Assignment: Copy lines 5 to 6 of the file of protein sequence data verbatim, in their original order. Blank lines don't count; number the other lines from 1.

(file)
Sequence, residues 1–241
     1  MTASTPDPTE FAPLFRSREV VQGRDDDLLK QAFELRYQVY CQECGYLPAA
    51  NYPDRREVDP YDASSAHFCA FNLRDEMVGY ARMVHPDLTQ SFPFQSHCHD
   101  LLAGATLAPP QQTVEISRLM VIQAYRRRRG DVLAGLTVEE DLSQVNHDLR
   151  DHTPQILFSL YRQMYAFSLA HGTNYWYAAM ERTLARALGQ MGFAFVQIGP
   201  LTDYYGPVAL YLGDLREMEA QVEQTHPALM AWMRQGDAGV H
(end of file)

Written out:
   151  DHTPQILFSL YRQMYAFSLA HGTNYWYAAM ERTLARALGQ MGFAFVQIGP
   201  LTDYYGPVAL YLGDLREMEA QVEQTHPALM AWMRQGDAGV H